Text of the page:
Journey into Unknown Territory
||edHelper's suggested reading level:
||Flesch-Kincaid grade level:
||attention-hogging, egocentric, expend, fulsome, hypnotic, lapse, lugged, prattle, rebut, refrained, spoon-feeds, squalid, trance, unalloyed, tentative, jovial
||Lydia Martin, Virginia Reel, Charles Baggett, Then Mabel, Lance Fraser, Miss Martin, Gable Ranch
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Journey into Unknown Territory
By Brenda B. Covert
1 The rumble of the train had a nearly hypnotic effect on Lydia Martin. The fifteen-year-old passenger stared into space without seeing the beauty of the countryside that flew past the open window. The locomotive had carried her away from her family as well as the metropolitan society of Boston. Lydia was journeying into unknown territory, and it was all Mabel's fault.
2 She stole a glance at her egocentric cousin. Mabel, who at age eighteen made Lydia feel like an infant, was carrying on sociable conversation with a young man across the aisle from them. The fellow didn't say much. Lydia noted with disgust that he seemed to be hypnotized by Mabel's blonde curls and dazzling blue eyes.
3 How can he bear listening to her fulsome prattle about that silly dance where she met the governor of Massachusetts? When he gave Lydia a startled look, she wondered whether she had spoken her thought aloud. Then she realized that she had been scowling at him. Embarrassed, she turned to face the window and thought back to that fateful day when her summer plans were dashed on the rocks of Mabel's schemes.
4 Lydia had expected to spend her summer in the company of her friends. She had planned to expend a lot of energy riding horses and attending parties where everyone danced the Virginia Reel. Charles Baggett was to be her escort. She had imagined that he would pursue her hand in marriage. Then Mabel had gone and gotten herself invited to spend a few weeks on a horse ranch with its jovial owner, Mr. Lance Fraser, and his equally cheerful wife. However, a young lady should not travel alone. Her father couldn't afford to leave his business, and her mother had the younger children to tend. They called on the extended family to convene and discuss the possibilities. It was decided that Lydia would journey with Mabel as her companion, despite Lydia's protests of the assuredly squalid nature of the unseen horse ranch and the long trip's threat to her safety.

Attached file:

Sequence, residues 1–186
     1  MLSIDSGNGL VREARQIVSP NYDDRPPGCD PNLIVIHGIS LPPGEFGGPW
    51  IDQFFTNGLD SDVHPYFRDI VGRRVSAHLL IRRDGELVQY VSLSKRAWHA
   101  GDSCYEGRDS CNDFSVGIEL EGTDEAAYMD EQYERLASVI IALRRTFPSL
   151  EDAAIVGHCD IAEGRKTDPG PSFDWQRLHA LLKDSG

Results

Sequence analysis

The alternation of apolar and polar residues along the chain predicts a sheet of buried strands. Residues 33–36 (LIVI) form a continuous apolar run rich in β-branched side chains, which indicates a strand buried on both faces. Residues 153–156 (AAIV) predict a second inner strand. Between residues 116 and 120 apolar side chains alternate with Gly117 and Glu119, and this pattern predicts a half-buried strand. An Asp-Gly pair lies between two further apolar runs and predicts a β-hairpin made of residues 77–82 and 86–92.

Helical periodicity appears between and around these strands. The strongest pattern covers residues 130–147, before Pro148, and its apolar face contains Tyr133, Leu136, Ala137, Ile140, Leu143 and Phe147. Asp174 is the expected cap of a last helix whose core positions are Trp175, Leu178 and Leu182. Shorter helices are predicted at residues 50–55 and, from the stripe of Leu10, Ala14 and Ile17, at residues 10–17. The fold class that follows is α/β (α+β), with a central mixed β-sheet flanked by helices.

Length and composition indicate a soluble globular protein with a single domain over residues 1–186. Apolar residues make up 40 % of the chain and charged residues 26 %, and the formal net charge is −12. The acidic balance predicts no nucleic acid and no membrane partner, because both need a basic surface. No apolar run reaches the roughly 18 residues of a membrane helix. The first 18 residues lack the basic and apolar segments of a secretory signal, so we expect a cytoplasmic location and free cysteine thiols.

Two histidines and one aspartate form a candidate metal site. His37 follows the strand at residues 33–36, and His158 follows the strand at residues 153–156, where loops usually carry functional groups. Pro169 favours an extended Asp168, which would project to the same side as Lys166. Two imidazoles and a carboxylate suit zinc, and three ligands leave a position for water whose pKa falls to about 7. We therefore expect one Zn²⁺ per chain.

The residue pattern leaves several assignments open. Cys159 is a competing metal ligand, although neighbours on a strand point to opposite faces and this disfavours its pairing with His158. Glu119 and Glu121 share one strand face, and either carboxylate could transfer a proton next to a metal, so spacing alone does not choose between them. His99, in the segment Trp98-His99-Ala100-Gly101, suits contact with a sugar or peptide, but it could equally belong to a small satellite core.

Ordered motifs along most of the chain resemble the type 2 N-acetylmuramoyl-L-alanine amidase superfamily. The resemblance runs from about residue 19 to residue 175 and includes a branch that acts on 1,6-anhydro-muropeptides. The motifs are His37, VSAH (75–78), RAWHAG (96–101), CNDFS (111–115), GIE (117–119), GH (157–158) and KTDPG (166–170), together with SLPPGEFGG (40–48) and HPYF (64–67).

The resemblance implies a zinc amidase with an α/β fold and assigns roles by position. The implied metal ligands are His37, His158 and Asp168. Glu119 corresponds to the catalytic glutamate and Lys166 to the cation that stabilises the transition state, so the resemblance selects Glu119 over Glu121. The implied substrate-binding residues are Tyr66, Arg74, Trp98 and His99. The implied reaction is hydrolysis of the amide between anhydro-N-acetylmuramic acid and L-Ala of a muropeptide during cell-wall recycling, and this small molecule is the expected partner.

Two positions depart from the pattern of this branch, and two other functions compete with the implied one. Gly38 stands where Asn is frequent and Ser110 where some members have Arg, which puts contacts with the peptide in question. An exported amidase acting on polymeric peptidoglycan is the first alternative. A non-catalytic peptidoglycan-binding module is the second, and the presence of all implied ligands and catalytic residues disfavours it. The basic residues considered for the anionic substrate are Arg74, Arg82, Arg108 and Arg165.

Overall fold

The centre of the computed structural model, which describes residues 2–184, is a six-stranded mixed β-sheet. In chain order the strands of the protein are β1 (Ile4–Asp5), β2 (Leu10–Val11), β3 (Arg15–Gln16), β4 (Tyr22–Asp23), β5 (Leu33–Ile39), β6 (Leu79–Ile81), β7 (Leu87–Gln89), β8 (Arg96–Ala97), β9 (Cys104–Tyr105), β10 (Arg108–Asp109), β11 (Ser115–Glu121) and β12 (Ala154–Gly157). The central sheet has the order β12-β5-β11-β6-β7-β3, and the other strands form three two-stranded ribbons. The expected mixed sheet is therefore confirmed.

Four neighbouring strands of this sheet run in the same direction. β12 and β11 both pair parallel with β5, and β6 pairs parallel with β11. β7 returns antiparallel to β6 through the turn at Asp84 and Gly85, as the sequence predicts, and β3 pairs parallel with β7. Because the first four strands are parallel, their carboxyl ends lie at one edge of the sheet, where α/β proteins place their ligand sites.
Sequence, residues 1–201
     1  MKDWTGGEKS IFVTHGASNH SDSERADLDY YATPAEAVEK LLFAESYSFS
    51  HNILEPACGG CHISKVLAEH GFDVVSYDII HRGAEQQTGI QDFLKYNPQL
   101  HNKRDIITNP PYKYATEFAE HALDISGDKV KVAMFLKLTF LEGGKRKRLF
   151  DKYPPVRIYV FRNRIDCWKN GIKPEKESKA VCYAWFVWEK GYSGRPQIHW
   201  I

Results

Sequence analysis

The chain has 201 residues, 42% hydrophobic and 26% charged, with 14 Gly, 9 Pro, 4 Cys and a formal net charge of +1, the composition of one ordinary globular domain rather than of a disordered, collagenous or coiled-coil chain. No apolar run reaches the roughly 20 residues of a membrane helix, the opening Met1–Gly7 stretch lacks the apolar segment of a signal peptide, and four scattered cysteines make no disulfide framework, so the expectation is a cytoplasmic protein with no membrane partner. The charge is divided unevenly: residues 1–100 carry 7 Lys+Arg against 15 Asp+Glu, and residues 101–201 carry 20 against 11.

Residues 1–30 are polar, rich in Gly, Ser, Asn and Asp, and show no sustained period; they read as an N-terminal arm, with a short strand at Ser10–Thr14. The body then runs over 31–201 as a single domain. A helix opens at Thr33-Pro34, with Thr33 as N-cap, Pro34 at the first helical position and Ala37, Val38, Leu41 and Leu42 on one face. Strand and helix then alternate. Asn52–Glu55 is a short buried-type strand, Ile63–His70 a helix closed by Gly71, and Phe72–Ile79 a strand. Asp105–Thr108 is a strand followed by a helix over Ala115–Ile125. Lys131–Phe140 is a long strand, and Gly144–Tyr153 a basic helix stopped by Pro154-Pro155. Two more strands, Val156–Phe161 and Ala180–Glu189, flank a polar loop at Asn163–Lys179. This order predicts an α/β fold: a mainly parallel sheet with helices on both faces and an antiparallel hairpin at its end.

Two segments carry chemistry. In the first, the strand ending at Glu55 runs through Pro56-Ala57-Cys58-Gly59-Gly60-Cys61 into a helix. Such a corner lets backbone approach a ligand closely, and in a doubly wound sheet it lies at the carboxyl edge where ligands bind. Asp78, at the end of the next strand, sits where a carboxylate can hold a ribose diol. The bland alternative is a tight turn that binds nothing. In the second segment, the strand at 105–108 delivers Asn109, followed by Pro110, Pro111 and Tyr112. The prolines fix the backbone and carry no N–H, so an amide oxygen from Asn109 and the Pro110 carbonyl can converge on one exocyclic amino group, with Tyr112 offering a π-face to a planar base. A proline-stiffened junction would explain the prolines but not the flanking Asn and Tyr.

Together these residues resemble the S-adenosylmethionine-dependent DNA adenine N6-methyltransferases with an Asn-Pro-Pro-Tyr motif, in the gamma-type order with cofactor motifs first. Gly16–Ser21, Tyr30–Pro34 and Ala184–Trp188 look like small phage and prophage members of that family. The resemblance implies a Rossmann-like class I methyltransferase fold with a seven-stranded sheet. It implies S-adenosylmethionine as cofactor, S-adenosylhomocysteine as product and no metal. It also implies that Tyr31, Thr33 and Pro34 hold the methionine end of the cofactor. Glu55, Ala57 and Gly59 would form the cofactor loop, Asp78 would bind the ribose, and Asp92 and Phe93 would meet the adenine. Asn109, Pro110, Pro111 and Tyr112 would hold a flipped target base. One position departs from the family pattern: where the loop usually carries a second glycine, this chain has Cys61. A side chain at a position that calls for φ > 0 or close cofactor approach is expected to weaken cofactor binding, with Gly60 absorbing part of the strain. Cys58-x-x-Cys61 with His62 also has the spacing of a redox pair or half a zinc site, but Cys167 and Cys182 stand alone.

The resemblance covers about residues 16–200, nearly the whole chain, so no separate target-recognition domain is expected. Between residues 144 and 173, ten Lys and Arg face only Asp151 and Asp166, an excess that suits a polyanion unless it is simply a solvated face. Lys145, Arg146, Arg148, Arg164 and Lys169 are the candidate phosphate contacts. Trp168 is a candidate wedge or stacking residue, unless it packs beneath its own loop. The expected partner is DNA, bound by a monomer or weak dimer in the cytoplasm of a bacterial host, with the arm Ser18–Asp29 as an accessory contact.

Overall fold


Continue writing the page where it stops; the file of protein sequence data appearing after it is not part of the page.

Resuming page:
5 Mabel and Lydia arrived at their destination without mishap. Lydia regretted that she had not witnessed the expulsion of a drunk or a bandit during the lengthy ride. Such an incident would have been exciting. It would have also served to rebut her parents' claim that train travel was perfectly safe.
6 As the young women stood on the platform waiting for someone from the ranch to claim them, Mabel gazed expectantly at her young male acquaintance. He offered a tentative smile in return. "I wonder, Miss Martin," Jeremy began awkwardly, "whether I might call on you during your stay at the Gable Ranch."
7 Mabel beamed. Of course, she would welcome a visit from Jeremy. She told him that, though they had known each other for only a short time, she felt they had become good friends.
8 Lydia was relieved when their exchange was interrupted by a deep voice asking, "Are you ladies the cousins who are expected at the Gable Ranch?" She turned to address the speaker. She lifted her gaze to his face and, for the first time in her life, experienced the cessation of her pulse.
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